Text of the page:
PHIL 273.001 – Philosophical Perspectives on Justice
Instructor: Gerald J. Postema. This course meets TR 11:00 a.m. – 12:15 p.m. in CW 105.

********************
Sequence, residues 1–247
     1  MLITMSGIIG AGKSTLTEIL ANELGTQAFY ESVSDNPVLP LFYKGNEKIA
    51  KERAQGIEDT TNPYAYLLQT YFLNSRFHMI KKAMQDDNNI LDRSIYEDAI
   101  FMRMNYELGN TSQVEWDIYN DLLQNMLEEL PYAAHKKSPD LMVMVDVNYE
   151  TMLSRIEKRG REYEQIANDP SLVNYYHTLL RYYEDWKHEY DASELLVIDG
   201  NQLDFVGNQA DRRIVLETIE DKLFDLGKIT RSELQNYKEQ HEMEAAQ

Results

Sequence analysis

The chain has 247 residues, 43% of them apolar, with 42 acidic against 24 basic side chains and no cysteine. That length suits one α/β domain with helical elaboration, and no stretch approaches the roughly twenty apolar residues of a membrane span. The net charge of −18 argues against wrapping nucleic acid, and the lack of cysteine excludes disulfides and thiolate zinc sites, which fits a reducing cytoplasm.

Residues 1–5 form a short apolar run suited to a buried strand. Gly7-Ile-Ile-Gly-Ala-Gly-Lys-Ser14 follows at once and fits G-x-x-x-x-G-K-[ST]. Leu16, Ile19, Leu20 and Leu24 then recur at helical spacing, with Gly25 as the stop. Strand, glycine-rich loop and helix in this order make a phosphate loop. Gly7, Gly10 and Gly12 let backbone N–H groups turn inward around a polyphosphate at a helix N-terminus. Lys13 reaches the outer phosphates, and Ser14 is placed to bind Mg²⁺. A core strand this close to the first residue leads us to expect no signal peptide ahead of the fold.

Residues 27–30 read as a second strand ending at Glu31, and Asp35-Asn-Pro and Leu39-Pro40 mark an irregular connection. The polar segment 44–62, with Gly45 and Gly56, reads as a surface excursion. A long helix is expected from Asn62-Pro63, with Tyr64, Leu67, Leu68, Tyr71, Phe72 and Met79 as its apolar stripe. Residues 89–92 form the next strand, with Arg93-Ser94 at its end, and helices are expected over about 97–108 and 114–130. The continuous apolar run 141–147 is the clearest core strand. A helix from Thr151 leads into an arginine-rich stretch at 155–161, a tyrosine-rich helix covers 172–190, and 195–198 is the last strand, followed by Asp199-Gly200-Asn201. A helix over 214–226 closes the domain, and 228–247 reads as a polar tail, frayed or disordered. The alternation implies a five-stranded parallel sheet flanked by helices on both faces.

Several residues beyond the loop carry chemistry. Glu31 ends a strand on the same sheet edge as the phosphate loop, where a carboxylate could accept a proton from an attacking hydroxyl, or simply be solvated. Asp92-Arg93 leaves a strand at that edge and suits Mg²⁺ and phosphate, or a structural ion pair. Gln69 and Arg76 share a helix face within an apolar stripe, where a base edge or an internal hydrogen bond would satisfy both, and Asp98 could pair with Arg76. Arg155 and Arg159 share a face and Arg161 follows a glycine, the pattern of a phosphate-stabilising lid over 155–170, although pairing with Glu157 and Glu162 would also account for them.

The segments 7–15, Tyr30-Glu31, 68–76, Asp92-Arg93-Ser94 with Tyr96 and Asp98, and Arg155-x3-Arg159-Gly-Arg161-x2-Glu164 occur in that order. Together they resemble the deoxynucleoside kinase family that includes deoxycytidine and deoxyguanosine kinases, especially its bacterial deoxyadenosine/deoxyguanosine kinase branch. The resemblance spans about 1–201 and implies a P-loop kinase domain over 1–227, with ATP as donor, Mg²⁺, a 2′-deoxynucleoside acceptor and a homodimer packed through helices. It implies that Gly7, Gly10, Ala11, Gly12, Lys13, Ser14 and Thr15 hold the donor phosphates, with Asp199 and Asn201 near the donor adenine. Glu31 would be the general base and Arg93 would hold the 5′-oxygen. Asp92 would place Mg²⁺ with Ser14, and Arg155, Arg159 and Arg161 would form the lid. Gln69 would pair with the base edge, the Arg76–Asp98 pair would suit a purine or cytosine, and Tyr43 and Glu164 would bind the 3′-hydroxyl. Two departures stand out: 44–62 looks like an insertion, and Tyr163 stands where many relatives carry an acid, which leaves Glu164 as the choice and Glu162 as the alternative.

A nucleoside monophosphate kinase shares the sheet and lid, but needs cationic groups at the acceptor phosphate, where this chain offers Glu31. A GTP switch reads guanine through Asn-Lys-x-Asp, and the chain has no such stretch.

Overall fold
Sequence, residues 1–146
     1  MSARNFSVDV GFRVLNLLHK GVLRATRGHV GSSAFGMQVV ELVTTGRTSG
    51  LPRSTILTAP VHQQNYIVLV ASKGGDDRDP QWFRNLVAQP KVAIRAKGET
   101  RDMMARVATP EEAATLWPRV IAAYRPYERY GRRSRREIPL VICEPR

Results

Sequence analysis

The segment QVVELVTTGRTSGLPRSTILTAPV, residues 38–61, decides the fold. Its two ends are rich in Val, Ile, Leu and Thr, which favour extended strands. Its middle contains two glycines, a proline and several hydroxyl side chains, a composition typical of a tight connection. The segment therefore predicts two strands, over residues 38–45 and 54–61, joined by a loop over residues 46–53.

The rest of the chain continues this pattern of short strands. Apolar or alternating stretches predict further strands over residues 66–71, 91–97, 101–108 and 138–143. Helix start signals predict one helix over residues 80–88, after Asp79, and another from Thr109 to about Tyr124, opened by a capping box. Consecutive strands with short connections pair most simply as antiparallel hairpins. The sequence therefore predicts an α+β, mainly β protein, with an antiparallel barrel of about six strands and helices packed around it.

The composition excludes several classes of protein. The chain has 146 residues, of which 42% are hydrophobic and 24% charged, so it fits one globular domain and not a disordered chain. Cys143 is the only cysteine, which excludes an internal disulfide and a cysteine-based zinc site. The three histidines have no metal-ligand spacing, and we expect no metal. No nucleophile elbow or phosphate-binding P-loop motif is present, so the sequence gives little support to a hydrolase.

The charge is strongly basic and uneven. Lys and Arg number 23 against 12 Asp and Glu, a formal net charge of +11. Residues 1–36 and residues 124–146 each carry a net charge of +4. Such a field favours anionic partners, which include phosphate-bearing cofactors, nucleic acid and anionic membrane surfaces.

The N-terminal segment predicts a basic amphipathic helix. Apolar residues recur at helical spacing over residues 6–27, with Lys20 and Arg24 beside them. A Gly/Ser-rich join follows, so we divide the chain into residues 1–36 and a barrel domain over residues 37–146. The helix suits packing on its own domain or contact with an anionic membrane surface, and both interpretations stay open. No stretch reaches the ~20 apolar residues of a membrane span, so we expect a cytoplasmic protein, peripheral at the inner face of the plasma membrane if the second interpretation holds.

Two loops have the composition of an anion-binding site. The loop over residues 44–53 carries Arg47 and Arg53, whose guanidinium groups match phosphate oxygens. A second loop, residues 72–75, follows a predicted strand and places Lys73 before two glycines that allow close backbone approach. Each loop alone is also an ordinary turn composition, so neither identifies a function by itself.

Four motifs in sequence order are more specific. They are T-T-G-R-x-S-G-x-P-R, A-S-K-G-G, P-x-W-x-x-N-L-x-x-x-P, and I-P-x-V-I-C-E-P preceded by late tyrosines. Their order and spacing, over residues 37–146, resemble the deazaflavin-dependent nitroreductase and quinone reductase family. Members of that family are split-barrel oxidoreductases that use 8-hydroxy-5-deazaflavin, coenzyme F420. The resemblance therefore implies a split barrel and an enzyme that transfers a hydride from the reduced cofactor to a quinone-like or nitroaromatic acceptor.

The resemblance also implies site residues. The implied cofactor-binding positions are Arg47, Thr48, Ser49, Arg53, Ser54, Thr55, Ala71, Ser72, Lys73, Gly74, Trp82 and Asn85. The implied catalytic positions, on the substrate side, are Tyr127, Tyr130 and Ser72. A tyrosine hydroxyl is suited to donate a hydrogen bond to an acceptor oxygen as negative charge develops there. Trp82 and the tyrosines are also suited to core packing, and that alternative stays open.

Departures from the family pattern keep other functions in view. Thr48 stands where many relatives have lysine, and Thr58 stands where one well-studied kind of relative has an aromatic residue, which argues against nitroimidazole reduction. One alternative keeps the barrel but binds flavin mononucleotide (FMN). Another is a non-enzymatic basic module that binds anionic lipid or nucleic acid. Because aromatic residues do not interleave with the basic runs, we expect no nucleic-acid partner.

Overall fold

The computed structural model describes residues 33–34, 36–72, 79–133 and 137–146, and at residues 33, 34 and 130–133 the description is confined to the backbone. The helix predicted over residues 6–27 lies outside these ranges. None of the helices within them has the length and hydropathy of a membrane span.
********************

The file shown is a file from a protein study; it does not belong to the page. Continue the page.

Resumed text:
Justice is said to be the first or foundational virtue of a decent society. That is, no society is decent or humane if many of its members suffer serious injustices. Yet, there is deep and pervasive disagreement in our society about what justice demands of individuals and the society as a whole. In this course, we will try to understand the fundamental dimensions of justice and explore debates over the content and demands of justice. We will begin orienting our thinking by looking at historical roots of the concerns of justice. Then we will explore several quite different theories of justice—that is, philosophical attempts to give a systematic account of the demands of justice—and ask how they illuminate the current debate over the health care system in the United States. Finally, we will consider what justice requires of us as a society and individuals when we disagree fundamentally about justice itself.